The first thing you need to do is to decide if you are really suffering from constipation or if you are actually trying to force your body into an unnatural pattern.
According to one of my textbooks, constipation is described as "a disorder of the motor activity of the bowel characterised by the infrequent and difficult passage of small amounts of hard faeces".
In the same book, normal bowel frequency is defined as "between three times a day and three times a week".
So what you need to do, is ask yourself very pertinently if your bowel habits meet the criteria in the first definition. Do you really have great difficulty in passing small amounts of hard faeces very infrequently? Or do you have a normal bowel movement, say, three times a week that you think is not frequent enough?
Obsession with frequency
Many people think that if they do not have two or more bowel movements every single day of their lives that they are constipated. This is patently not true. Indeed, your body, which may have a frequency of "every other day", will resent being forced into an unnatural pattern of "once a day" and you will lose your natural rhythm. Loss of muscle tone due to repeated use of harsh laxatives will eventually cause constipation.
Unfortunately the idea that you have to be regular according to the schedule you have selected and not the one your body is geared to, is very common, particularly among women.
So please take a moment to decide if you are really and truly constipated or if you are obsessed with frequency.
Causes of constipation
For those readers who genuinely suffer from constipation, here is a list of causes that may be responsible for your condition:
- eating too little dietary fibre, especially the non-soluble type found in wheat bran
- using special diets to treat specific conditions, such as wheat allergy, or obesity
- suffering from an eating disorder like anorexia
Menstrual cycle and pregnancy
Menstruation and pregnancy frequently disrupt normal bowel habits. Constipation of pregnancy is well know and expectant mothers need to get help so that they do not develop haemorrhoids or damage their bowels through straining.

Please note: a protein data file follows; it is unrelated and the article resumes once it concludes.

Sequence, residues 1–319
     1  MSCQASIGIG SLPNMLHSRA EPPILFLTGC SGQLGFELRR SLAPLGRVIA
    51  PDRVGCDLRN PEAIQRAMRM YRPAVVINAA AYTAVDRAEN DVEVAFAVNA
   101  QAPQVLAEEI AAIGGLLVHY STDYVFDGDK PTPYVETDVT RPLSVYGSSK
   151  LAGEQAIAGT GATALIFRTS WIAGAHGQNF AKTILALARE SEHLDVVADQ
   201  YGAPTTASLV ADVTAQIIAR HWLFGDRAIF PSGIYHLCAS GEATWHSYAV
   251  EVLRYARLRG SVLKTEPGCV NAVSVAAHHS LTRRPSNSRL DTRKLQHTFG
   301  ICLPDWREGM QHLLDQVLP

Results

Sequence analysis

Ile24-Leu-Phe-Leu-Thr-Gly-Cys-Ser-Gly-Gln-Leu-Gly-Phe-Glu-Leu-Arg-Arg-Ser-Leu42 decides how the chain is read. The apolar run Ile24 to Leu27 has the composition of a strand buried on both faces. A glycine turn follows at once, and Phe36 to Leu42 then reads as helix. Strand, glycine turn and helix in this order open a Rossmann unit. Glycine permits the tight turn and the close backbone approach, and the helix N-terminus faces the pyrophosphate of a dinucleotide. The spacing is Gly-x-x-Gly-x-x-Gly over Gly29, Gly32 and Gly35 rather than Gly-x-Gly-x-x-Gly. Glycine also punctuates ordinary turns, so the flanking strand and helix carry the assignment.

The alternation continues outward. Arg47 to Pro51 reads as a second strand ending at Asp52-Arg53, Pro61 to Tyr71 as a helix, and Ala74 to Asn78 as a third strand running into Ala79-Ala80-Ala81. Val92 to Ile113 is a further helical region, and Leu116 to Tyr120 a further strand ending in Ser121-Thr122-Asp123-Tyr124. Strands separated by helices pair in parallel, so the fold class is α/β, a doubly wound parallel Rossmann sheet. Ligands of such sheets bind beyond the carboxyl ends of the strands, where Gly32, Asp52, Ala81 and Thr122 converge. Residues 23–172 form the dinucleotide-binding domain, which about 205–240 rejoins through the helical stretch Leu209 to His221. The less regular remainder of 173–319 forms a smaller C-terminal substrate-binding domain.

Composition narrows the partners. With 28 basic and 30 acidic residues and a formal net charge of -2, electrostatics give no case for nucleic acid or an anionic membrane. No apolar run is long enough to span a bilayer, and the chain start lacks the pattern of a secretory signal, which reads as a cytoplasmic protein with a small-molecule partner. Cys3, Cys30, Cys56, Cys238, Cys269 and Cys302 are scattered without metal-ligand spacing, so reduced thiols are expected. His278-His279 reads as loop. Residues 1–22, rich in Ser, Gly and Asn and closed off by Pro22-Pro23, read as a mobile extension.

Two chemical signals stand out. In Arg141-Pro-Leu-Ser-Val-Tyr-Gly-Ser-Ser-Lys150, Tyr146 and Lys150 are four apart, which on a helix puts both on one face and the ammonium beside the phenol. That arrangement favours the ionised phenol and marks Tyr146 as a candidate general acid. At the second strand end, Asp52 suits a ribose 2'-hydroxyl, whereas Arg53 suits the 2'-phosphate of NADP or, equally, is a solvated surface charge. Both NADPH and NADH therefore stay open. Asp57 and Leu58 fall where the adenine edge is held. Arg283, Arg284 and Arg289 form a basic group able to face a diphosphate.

Prescription and over-the-counter drugs
If you have always had normal bowel habits and they change when you start taking a new medicine, then discuss this problem with the prescribing doctor. Antacids, cholesterol-lowering drugs, antidepressants and a host of medications that contain compounds such as codeine are all know to cause constipation.
Irritable bowel syndrome (IBS)
Alternating bouts of diarrhoea and constipation are characteristic of Irritable Bowel Syndrome (IBS) and need treatment.
Patients often develop constipation, because they fear the pain of a bowel movement and avoid going to the toilet.
Conditions which affect the nervous system
Patients with multiple sclerosis and Parkinson’s disease are often plagued by constipation.
Diseases of the colon
Colon cancer, haemorrhoids and anal fissures are often associated with constipation. If you have always been regular and suddenly experience a change in bowel habit, consult your doctor for a checkup to eliminate serious illnesses like colon cancer.
An underactive thyroid gland, diabetes and use of female hormones for contraceptive or replacement therapy are also causes of constipation.
If any of the above mentioned conditions applies to you, please have a medical checkup to eliminate serious diseases. Also ask your doctor if any of the medications he has prescribed such as cholesterol-lowering drugs, hormones or antidepressants, could be causing your constipation and if this is the case, what alternatives you can used.
- (Dr IV van Heerden, DietDoc)
(Constipation photo from Shutterstock)